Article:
That study came out last year, when the pandemic was yet to be tamed by a vaccine and unemployment benefits were twice as high as they are now, and yet that hasn’t stopped this zombie narrative from creeping ahead. How selfish, the nation’s bosses and their lobby are saying, that you would rather receive money to help you not die rather than submit yourself to my authority in exchange for the lowest hourly wage in any American industry so I can turn a profit on G.J. Fucko’s Bar And Grill. This is a risky premise to concede, since what is at stake is not the preservation of the restaurant industry, for instance, but rather the persistence of the restaurant industry’s exploitative labor dynamics. These are in many cases horrible jobs with horrible pay, a state of affairs that can only exist when and where there is a large and sufficiently desperate labor pool. These people-won’t-work arguments are in point of fact more a people-won’t-work-for-this-rate-and-under-these-conditions problem; an employer could always just offer people more money in order to entice them to take the job. It is quite easy. Simply act like a capitalist and compete! Pull those large novelty levers marked “SUPPLY” and “DEMAND.” The alleged labor shortage is only a problem if the profit margins of fast food chains are of more concern to you than people living or dying. Just on the merits, even weighing the two as halves of a binary is pretty disgusting. But that’s only if you think about it.
Bosses have also begun to reassert their power in a different income tier. After a year-plus of letting people that can work from home do so, they’ve sounded the call to head on back to the office. Wall Street is calling their workers back. The recently owned-as-hell JPMorgan Chase CEO Jamie Dimon is in the news a lot singing the praises of office work. Google got the New York Times to run a big, soft-edged story about how much care they’ve put into making their offices fun and zany. WeWork’s CEO, perhaps in an attempt to honor his birdbrained predecessor, tried to set a high bar. “Those who are least engaged are very comfortable working from home,” the co-working company’s CEO told the Wall Street Journal, adding, “People are happier when they come to work.”
That’s true, but only if you understand that by “people,” the WeWork CEO means “me.” This one is even simpler to understand than the faux labor crisis: The point of getting workers back into the office is control. Why would you want your employees to have the agency to cleanly silo off work from the rest of their lives when you can keep under your watch, while also throwing the commercial real estate lobby a bone? Tech companies did not make their office spaces into goofaround fun-time play zones in order to make people happier, they did so to keep them at work. This attachment to the workplace is not even really about productivity, the common claim. A raft of studies and surveys (also my 2016-17 run as a night blogger) have pointed out that workers get more done at home. Working in an office is not necessarily horrid, and I know plenty of people who want to be able to get out of the house as soon as possible. The problem is more about requiring that people give up their pandemic-earned flexibility in exchange for more direct supervision by the boss.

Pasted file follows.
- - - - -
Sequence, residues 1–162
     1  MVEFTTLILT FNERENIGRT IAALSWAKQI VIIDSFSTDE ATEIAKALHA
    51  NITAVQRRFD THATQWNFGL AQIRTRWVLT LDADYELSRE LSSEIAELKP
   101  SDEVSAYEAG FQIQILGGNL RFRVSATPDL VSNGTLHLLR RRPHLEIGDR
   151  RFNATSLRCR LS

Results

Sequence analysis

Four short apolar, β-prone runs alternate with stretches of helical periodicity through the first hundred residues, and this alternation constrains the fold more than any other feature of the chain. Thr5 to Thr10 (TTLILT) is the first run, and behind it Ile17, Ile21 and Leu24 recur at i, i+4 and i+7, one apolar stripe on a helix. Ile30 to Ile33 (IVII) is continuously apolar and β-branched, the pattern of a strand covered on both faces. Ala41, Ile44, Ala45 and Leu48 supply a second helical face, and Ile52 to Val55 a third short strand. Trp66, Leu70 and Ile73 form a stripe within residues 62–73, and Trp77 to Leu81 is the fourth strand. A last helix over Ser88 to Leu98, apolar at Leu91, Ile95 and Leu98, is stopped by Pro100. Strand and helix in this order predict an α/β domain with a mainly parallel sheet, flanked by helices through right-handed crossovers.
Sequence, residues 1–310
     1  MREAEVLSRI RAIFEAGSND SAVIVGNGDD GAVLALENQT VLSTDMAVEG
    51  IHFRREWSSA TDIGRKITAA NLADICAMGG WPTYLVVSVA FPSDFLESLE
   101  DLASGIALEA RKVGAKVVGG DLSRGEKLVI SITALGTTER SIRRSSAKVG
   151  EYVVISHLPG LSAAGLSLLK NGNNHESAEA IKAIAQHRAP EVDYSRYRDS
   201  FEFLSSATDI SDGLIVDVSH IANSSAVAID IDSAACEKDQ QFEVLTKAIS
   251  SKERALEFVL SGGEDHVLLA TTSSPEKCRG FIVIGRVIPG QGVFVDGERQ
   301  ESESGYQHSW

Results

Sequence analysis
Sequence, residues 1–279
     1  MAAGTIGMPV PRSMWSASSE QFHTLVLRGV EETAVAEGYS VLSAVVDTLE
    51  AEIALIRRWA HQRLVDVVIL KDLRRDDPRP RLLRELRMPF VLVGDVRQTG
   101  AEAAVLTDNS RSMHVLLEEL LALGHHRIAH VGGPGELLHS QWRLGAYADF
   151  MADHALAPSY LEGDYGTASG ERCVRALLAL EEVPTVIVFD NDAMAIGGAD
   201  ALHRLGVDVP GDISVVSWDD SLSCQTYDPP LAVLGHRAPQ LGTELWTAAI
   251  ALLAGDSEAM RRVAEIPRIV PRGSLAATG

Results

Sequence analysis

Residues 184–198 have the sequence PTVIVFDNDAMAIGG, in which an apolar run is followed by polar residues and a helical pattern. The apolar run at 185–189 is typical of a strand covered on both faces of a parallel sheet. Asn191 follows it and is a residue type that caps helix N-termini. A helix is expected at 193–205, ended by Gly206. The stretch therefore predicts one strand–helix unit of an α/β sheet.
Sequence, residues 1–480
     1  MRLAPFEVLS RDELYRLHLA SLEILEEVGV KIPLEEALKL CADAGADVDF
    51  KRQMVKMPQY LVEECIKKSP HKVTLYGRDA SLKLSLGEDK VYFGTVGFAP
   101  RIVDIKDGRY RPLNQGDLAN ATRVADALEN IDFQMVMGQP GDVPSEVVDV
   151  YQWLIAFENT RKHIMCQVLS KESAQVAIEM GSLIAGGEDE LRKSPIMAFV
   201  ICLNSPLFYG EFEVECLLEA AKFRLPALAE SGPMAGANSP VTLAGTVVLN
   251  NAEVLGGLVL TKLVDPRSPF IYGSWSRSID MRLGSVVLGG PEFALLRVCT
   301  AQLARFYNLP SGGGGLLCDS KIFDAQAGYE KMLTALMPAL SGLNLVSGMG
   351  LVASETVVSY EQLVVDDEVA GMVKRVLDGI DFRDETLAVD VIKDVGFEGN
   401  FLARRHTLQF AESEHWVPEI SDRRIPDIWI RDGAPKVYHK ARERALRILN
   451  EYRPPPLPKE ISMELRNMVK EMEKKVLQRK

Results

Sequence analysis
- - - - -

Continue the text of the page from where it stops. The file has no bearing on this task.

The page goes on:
Consider InstaCart, a tech company that’s spent the pandemic distinguishing itself in areas such as union busting and bribery. They announced this week that lower-level employees on the tech side will have to return to the office starting in September, while more senior employees will be permitted to continue working in their pajamas. InstaCart says it’s about gatekeeping access to sensitive internal data; workers told the Verge it’s about squeezing them.
“A lot of the roles are easily replaceable,” an anonymous employee said. “They can happily find someone else to fill that role if you’re not okay with the policy.” Another wrote that returning workers were told to “silence the issue, when reported, rather than find a solution.” This sucks, and the income delta between those who do and do not have to come back in really illustrates why the bosses would pull this lever. There is only one—what’s that, an email from Tom Ley announcing Defector’s new “laptop handcuffs” policy?